Sunday, 25 July 2010

Welcome to Goswick....

....if the bombs don't get you the quicksand will.

Being regular visitors to this part of the north Northumberland coast, the signs do tend to become invisible and so when we came across a strange circular depression in the sand we scratched heads and pontificated on all sorts of natural reasons why the tides might have created this weird effect.  It was only back home that the penny droppped.  The signs are true. The MoD are still clearing the site of bombs dating back to its days as an air to ground bombing range from about 1945 to the early 50s. Sixty years on and bombs are still surfacing.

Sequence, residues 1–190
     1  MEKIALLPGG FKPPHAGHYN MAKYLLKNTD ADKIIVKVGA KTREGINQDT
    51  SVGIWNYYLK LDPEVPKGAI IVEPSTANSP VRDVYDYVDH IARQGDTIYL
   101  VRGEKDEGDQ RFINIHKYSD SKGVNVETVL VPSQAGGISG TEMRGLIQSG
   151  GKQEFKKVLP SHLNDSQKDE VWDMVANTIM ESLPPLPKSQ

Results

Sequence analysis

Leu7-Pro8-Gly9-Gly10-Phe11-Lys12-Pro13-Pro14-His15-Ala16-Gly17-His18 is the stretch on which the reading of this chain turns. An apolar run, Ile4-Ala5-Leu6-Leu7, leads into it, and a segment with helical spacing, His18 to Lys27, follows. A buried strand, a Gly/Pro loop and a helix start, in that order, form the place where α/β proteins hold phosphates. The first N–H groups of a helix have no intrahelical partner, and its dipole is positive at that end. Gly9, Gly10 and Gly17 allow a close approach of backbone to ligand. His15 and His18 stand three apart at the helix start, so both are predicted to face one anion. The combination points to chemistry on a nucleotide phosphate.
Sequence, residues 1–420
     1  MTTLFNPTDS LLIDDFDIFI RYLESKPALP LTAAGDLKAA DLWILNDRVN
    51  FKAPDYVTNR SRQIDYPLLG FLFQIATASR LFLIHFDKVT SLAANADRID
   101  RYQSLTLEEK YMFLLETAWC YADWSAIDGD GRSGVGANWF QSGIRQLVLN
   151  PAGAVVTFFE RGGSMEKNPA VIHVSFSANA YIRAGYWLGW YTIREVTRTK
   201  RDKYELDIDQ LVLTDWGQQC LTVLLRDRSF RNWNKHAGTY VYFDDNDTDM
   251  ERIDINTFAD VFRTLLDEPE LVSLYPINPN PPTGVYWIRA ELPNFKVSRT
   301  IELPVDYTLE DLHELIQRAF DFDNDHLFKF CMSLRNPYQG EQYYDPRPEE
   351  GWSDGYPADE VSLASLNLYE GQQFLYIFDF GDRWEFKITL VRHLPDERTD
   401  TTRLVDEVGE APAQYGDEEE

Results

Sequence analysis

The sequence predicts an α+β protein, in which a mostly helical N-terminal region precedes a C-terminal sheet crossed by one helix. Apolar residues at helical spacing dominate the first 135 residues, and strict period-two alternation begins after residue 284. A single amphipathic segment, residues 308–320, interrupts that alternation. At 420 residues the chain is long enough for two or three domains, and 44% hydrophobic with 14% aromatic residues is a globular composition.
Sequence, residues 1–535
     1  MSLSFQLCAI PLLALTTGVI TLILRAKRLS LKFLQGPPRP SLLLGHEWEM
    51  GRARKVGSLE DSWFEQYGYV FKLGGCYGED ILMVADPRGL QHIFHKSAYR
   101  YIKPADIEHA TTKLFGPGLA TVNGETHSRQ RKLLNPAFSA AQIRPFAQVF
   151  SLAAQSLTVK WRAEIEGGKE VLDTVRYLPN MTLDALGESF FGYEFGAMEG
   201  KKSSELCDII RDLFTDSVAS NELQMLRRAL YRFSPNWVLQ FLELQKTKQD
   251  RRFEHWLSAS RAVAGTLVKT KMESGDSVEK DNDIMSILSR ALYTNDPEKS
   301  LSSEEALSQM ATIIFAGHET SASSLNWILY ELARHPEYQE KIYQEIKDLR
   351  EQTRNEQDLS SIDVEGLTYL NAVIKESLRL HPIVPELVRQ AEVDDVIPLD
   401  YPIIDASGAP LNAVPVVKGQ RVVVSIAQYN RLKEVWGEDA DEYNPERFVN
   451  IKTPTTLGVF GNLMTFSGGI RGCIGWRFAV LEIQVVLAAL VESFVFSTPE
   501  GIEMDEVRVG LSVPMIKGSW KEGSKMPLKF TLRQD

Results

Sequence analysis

At least the dunes are a bit more tranquil and this time of year produces two of my all time favourite flowers - the harebell and rest-harrow.  This summer seems particulary prolific for rest harrow, I must say.

This year I saw the first white harebells I have come across at Goswick - all mixed in with blues.  I posted about white varieties of harebells last year and two theories emerged from the discussion - one that it was a mutation capable of continuation through self pollination so that seeds would produce white flowering plants and the other that a virus might be involved in which case seeds would produce blue flowered plants.

Are white harebells getting commoner or am I just noticing them more?

No comments:

Post a Comment